It’s poignant that not so very long ago, the wild grey partridge was a very common bird that flourished on arable farmland across the country. However, in the past 40 years its numbers have plummeted by more than 80 per cent and leading research charity the Game & Wildlife Conservation Trust (GWCT), based in Fordingbridge, Hampshire reports that they have become locally extinct in many areas.
The GWCT continues to research and develop solutions to kick-start recovery. The latest development is an inspiring one-day training course, being held at the Trust’s headquarters in Fordingbridge, Hampshire on 7th November.
The training is based on a three-year research study initiated by the Trust, which investigated the most effective methods of re-establishing a partridge population through releasing and culminated in comprehensive guidelines for practioners.
Dr Francis Buner, the GWCT scientist who led the research project and is part of the training team, said, “Grey partridges suffered a catastrophic breeding season last year because of the appallingly wet summer. As a consequence, the need to re-establish new populations is crucial if we are to save this bird, particularly as there are now huge tracts of our countryside that no longer holds grey partridges. We hope that our comprehensive guidelines and this training will show the art of the possible.”
Re-establishing a wild population where they are no longer present is certainly not for the faint-hearted. Dr Buner continues, “Once the right habitats have been created and feeding and predator control are being maintained, we feel confident that many people will be able to have wild partridges on their land again. This would be a fantastic achievement for future generations.”
The training day involves a combination of presentations and practical sessions. This in-depth course is designed to help clarify and guide people through some of the pitfalls and will offer lots of tips and encouragement to help ensure a positive and successful outcome.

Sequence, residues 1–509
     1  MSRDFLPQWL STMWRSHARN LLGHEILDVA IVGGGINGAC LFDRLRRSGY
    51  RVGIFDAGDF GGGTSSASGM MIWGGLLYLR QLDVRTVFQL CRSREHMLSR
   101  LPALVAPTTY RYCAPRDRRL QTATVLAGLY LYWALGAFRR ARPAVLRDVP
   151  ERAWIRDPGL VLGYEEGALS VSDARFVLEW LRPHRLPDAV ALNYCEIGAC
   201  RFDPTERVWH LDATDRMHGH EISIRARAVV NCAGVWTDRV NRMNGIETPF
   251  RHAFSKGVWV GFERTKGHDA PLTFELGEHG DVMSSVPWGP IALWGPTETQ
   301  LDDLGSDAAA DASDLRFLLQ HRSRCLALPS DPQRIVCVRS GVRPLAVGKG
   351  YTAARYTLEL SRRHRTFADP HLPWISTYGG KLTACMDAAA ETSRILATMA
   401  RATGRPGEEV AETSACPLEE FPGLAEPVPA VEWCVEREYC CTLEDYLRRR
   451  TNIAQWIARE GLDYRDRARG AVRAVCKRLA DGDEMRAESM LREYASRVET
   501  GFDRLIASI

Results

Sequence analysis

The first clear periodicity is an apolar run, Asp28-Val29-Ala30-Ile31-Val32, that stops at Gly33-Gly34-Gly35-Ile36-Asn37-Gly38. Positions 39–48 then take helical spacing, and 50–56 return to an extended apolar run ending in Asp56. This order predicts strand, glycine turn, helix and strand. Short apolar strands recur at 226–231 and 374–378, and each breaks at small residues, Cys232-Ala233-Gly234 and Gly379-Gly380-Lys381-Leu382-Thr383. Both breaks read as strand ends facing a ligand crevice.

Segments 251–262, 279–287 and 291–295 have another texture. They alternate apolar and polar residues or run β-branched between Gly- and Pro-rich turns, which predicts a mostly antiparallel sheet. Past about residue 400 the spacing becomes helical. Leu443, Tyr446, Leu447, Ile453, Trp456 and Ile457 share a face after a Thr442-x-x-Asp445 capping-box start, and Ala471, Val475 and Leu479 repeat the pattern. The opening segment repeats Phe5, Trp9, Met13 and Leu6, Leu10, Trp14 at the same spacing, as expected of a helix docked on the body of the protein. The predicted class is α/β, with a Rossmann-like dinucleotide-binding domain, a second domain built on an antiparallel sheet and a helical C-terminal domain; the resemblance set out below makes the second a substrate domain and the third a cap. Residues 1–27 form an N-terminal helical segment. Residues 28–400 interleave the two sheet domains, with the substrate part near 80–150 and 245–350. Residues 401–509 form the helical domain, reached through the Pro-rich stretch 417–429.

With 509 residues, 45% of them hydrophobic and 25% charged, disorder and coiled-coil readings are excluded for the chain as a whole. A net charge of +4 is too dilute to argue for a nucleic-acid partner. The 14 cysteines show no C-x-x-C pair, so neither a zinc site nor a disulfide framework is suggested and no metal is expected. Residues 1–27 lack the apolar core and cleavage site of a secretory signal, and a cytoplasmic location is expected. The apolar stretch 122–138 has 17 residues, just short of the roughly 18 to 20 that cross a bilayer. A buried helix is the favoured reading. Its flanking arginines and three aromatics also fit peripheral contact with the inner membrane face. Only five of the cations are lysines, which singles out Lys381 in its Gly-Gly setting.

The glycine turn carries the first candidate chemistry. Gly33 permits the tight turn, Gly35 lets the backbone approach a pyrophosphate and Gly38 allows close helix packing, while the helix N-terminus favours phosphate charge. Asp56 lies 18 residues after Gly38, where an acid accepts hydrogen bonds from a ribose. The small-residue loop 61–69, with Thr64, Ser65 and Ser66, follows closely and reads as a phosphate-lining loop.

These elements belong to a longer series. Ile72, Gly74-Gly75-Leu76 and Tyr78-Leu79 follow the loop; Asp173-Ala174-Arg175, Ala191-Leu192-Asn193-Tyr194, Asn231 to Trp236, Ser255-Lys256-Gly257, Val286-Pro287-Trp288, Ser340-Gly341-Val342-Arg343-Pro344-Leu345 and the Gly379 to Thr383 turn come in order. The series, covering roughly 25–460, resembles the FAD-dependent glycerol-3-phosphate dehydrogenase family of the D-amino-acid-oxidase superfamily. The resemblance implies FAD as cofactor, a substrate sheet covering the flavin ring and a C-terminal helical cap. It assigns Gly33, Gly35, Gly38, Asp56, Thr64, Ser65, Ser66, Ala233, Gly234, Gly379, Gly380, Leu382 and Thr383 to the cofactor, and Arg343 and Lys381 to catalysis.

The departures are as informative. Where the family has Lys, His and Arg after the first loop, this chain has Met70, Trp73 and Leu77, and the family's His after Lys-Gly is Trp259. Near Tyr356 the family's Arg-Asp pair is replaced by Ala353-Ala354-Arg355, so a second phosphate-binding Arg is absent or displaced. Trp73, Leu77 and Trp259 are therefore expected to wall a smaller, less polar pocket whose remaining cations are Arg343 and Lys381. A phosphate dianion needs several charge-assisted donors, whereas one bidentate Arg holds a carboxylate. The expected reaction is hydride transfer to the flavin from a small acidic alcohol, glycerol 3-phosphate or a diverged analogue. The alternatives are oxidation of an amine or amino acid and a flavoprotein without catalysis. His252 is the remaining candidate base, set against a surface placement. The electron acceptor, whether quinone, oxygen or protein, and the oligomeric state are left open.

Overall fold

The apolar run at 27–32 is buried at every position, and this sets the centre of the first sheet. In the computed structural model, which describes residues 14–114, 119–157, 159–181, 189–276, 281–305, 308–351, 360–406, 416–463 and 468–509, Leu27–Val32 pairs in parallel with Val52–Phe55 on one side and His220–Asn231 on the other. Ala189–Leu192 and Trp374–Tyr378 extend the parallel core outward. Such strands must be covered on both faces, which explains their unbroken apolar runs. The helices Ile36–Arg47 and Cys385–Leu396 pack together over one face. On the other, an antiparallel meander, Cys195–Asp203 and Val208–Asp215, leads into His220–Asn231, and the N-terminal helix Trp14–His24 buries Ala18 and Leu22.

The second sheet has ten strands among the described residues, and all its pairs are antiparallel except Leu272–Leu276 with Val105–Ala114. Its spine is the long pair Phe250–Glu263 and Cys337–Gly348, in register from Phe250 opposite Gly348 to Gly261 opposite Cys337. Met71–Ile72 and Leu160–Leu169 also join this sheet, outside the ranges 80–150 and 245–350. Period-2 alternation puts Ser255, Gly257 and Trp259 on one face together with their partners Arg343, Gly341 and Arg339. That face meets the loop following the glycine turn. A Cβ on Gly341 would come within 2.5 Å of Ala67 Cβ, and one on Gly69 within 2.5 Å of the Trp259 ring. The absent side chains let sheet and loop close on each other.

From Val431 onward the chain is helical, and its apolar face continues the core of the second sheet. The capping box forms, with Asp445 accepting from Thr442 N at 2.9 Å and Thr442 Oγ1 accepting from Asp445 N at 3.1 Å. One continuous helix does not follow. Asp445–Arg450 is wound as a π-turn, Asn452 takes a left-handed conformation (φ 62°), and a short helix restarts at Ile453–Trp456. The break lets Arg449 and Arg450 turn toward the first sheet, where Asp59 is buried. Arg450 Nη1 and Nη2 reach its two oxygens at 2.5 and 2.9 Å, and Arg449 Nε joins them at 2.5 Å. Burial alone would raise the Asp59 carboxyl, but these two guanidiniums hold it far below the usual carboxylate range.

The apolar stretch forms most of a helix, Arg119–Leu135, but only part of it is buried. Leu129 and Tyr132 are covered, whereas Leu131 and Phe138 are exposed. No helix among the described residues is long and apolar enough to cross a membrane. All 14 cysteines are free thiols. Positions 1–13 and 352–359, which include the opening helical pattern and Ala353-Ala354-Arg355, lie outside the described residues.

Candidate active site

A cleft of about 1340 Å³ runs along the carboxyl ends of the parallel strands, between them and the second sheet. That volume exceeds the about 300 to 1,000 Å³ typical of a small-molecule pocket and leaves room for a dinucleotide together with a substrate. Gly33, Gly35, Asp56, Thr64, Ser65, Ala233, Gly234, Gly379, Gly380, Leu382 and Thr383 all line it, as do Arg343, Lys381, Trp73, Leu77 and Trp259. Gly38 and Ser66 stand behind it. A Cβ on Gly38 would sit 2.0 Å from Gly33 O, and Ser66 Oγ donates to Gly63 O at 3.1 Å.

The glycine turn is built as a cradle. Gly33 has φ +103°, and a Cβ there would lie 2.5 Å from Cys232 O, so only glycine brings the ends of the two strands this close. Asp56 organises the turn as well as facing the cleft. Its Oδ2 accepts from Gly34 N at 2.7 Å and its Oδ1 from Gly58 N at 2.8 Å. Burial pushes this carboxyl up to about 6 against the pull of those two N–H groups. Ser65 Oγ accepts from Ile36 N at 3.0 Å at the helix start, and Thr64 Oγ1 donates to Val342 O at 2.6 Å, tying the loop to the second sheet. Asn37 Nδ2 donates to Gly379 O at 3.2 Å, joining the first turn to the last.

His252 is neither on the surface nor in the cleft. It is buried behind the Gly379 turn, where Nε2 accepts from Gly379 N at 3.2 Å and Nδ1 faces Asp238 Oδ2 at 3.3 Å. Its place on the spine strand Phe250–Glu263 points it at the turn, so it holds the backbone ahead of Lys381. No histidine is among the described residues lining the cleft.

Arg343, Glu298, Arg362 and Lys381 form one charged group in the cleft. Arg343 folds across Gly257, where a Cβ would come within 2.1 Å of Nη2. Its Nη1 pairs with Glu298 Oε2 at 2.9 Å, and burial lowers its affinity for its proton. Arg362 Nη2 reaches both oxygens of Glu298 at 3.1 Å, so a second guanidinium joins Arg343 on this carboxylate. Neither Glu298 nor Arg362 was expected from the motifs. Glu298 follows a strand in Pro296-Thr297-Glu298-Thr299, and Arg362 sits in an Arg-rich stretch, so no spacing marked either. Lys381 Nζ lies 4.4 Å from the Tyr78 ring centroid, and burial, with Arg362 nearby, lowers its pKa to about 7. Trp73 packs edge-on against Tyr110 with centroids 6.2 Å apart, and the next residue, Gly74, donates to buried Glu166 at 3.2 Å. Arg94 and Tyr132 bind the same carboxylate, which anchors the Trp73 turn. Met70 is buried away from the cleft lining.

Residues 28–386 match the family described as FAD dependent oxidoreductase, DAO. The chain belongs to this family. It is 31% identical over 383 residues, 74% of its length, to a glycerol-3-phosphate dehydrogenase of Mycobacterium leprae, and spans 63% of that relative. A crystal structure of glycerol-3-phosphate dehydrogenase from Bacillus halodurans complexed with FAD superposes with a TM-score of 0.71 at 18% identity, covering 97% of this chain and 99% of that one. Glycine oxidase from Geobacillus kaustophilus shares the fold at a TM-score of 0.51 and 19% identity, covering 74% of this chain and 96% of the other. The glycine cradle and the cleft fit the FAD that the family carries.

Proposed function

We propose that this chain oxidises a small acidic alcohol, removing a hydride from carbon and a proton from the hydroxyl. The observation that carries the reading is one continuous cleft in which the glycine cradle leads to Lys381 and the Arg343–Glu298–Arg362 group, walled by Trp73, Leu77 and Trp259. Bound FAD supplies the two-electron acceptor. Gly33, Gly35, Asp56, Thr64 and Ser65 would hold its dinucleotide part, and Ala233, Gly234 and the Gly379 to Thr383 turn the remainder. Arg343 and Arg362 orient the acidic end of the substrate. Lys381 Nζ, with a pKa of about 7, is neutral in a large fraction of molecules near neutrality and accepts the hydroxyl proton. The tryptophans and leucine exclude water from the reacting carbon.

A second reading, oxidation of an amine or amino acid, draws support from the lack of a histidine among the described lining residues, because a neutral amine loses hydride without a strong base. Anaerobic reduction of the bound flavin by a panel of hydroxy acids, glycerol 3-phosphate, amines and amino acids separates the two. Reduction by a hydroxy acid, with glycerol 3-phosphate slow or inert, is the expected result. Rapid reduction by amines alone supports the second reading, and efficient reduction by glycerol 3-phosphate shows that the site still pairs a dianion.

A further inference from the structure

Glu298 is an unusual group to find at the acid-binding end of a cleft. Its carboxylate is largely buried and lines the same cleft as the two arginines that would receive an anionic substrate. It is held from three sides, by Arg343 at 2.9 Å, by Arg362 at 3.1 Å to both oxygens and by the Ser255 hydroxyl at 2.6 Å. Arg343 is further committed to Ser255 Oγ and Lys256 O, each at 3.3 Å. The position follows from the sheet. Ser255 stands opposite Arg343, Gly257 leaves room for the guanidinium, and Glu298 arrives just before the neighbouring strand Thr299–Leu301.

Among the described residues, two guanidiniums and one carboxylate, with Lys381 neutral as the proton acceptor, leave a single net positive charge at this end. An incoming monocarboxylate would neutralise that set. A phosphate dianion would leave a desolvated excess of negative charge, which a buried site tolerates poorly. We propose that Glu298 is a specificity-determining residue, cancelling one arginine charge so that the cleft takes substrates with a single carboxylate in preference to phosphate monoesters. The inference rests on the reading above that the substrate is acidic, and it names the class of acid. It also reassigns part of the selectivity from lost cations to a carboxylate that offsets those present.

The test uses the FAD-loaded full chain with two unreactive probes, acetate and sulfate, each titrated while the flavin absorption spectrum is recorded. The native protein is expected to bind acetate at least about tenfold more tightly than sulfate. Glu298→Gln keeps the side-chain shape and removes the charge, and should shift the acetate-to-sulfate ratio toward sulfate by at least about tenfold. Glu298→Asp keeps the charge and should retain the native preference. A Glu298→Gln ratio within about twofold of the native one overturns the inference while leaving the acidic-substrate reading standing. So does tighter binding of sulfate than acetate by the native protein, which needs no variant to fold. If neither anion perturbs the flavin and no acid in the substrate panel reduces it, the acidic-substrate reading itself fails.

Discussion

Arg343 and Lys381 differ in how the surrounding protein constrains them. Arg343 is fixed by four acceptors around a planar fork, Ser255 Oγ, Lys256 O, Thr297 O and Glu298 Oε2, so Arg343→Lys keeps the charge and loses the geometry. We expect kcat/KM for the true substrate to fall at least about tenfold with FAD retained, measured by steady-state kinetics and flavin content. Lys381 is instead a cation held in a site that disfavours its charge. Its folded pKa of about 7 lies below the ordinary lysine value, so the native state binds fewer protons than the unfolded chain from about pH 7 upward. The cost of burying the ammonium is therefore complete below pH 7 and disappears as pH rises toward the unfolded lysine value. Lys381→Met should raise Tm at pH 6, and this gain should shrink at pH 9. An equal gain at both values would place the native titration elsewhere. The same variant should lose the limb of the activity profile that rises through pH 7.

In any re-introduction project, attention to detail is paramount and the day will be run by both Roger Draycott and Francis Buner from the Trust as well as Dr David Butler, a gamebird biologist from Perdix Wildlife, who specialise in rearing grey partridges for re-introduction programmes.
Dr Roger Draycott said, “This course is relevant to everyone interested in grey partridge conservation, from farmers or conservation groups looking to re-establish a small but viable resident population on their land to game managers whose ultimate goal is to achieve a sustainable wild grey partridge shoot.”
The one-day course on the 7th November costs £66 per person including lunch and can be booked by contacting Lynda Ferguson on 01425 651013 or email: firstname.lastname@example.org. Alternatively book online:www.gwct.org.uk/courses.
Photocaption: Where they are now locally extinct, the Game & Wildlife Conservation Trust is offering training to help re-establish new populations.
Notes to editors
The Game & Wildlife Conservation Trust – providing research-led conservation for a thriving countryside. The GWCT is an independent wildlife conservation charity which has carried out scientific research into Britain’s game and wildlife since the 1930s. We advise farmers and landowners on improving wildlife habitats. We employ 22 post-doctoral scientists and 50 other research staff with expertise in areas such as birds, insects, mammals, farming, fish and statistics. We undertake our own research as well as projects funded by contract and grant-aid from Government and private bodies. The Trust is also responsible for a number of Government Biodiversity Action Plan species and is lead partner for grey partridge and joint lead partner for brown hare and black grouse.
ISDN radio broadcast line – at our Fordingbridge HQ we have an ISDN radio broadcast line, allowing us to conduct interviews remotely.
For information, contact:
Telephone: 01425 651000